Above, Mickey Hyde, left, and Charlie Cook, of Liberty Pumps.
BERGEN – The Bergen Business and Civic Association has put forth great effort to improve the quality of life within the Bergen community for many years. They also take the time and trouble to recognize those citizens of Bergen who donate their time and efforts to make Bergen a better place to live and work.
On Saturday, the BBCA sponsored a community recognition dinner at Batavia Country Club to honor those individuals who give above and beyond for the betterment of their community.
Honorees were Joe MacConnell, Marian Partridge, Sandy Partridge, Jennie Starowicz, Tom Williamson, Marty Dilcher, of Dilcher’s Excavating and Contracting, and Charlie Cook, of Liberty Pumps.
Mayor Anna Marie Barclay, president of BBCA, said it has been at least five years since the organization has publicly recognized its outstanding citizens. At a recent meeting, the membership decided it was time they paid tribute to those people who volunteer or do community service – sometimes quietly and other times when people are aware.
The committee accepted nominations and the honorees were selected.
Joe MacConnell was introduced by David Washburn. MacConnell has been a member of the Bergen Fire Department for more than 50 years and an avid supporter of all their functions. He is a school bus driver for Byron-Bergen Central School and is an advocate for the kids. He was overseer of Mount Rest Cemetery for many years. He is one of those people who, if you need a hand, he is there, Barclay said. She called him a good friend and a good neighbor.
Marian Partridge was introduced by former town supervisor Tom Cunningham. Partridge, 91, was a Home Economics teacher at Byron-Bergen. She is a member of the BBCA and the longest-standing member of the Triangle Club, having joined in the 1950s when it was formed as an offshoot of the YMCA. She started the library in Bergen and put the original monument in Hickory Park. She has been on the Village Planning Board for more than 20 years.
Sandy Partridge, who was presented her award by Anne Sapienza, works with Young Life, a youth organization from the Presbyterian Church. She regularly clears all the furniture out of her living room and makes dinner for up to 20 kids. She runs Food Link at her church, and arrives early to cook hot dogs for people as they wait in line.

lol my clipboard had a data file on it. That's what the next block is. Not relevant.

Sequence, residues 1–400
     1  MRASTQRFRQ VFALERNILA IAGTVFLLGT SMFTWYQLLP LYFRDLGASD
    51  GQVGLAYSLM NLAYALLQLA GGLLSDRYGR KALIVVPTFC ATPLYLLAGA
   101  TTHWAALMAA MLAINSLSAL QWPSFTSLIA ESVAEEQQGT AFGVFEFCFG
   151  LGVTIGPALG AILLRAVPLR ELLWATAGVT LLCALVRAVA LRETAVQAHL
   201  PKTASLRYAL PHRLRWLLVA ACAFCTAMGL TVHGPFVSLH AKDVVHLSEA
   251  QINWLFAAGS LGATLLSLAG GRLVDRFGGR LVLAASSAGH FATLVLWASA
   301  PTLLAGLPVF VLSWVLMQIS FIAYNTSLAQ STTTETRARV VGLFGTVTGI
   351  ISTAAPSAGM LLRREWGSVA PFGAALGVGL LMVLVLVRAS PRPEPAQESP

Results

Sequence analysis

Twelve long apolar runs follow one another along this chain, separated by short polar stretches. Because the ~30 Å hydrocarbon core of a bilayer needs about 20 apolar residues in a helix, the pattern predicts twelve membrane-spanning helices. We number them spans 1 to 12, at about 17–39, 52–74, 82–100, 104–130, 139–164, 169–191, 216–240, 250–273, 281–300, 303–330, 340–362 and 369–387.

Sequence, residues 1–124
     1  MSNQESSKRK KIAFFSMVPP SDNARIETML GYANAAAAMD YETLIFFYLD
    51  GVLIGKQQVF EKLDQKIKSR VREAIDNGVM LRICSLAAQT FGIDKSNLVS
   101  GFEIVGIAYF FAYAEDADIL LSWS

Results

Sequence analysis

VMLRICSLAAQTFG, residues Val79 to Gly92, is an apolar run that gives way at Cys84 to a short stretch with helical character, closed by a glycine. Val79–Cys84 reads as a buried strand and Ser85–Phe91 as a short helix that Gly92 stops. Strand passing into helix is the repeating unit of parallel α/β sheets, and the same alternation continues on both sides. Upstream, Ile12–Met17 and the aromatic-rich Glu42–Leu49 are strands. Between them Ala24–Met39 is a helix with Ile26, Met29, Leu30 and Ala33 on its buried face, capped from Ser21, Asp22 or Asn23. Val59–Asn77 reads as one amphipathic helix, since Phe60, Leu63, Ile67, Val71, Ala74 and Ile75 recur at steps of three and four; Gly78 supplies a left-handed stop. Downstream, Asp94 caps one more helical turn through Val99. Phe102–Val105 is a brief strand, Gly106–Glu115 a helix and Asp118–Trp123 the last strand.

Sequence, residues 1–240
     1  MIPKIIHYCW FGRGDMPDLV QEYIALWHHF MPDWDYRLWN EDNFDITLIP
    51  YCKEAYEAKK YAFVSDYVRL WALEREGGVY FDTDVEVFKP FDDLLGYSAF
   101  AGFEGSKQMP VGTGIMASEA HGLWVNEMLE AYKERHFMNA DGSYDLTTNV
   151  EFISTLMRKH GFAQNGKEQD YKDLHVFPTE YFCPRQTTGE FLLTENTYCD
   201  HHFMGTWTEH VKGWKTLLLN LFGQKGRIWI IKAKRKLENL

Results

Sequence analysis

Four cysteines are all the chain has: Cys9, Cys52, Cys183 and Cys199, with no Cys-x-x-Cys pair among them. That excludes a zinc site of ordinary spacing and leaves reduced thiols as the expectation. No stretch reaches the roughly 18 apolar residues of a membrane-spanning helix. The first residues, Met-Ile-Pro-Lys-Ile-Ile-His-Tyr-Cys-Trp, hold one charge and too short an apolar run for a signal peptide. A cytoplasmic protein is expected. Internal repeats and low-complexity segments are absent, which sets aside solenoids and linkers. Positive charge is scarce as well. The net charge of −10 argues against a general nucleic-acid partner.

Jennie Starowicz was recognized by Myrna List. Starowicz chaired Recycled Teens, a senior citizens group at the Catholic church. She was vice president of the Bergen Historical Society and has been involved in 4-H all her life. List, who like Starowicz comes from a farm family, said she has known Jennie all her life. Starowicz had eight sewing machines set up in her basement, where she invited girls to come in and work on their 4-H projects. She has been involved with the Genesee County Fair for 50 years. At one time she managed a 24-unit apartment house in Bergen, and although she only got paid for 15 hours a week, she spent much more time volunteering to do things for the residents.
Mayor Barclay chose to present Tom Williamson with his award. Several years ago when vandals stole or damaged all the bronze markers on veterans’ graves in Mount Rest Cemetery, Williamson replaced all the missing ones and cleaned and repaired the rest. While serving as the village’s code enforcement officer, if a resident had a problem, Williamson would go to their home after work and help them solve it. He has also been an active member of the American Legion.
Marty Dilcher, of Dilcher’s Excavating and Contracting, received his award from Karen Ely. Dilcher was honored for always helping people and businesses all over town. When a house next to the mayor’s home collapsed and dust covered the Barclay home, Dilcher came and gave them two books of car wash tickets. He loans golf carts free of charge for the Bergen Park Festival and other events.
Charlie Cook, of Liberty Pumps, was introduced by Mickey Hyde. Cook was praised for his community service and building a business that employs more than 250 people in Bergen. Cook stated, “I just do what I do.”
Sapienza, who is secretary of BBCA, said the recognition dinner was long overdue.
“We need to recognize people who contribute to our community,” she said.
Barclay said when she thinks of all the wonderful people in the community and all the wonderful things they do, she wishes they could honor them more often.
Each honored individual received a gift bag, and each one will have their name added to a plaque in the library building.
In addition to the recognition dinner, events which the BBCA supports in the community include the Bergen Park Festival for the past 26 years, and Children’s Easter Egg Hunt. They donate to community groups, such as Byron-Bergen Public Library, Mason’s Gift Basket Program, village Parks and Gillam Grant Community Center. They also publish the Bergen directory every two years.
There are three BBCA officers. In addition to Barclay and Sapienza, there's also Maria Rowland, who serves as treasurer.
The banquet committee for the recognition dinner was Maria Rowland, Myrna List, Connie Tiefel, Catherine Tater and Toby Cook.
Below, Tom Williamson and Bergen Mayor Anna Marie Barclay.
Below, Don Cunningham and Marian Partridge.
Below, Sandy Partridge, left, and Anne Sapienza.
Below, Karen Ely and Marty Dilcher, of Dilcher Excavating and Contracting.
Below, Myrna List, left, and Jennie Starowicz.
Below, Joe MacConnell, left, and David Washburn.
Below, Awards Dinner Committee, from left, Myrna List, Connie Tiefel, Katherine Tater, Maria Rowland and Toby Cook.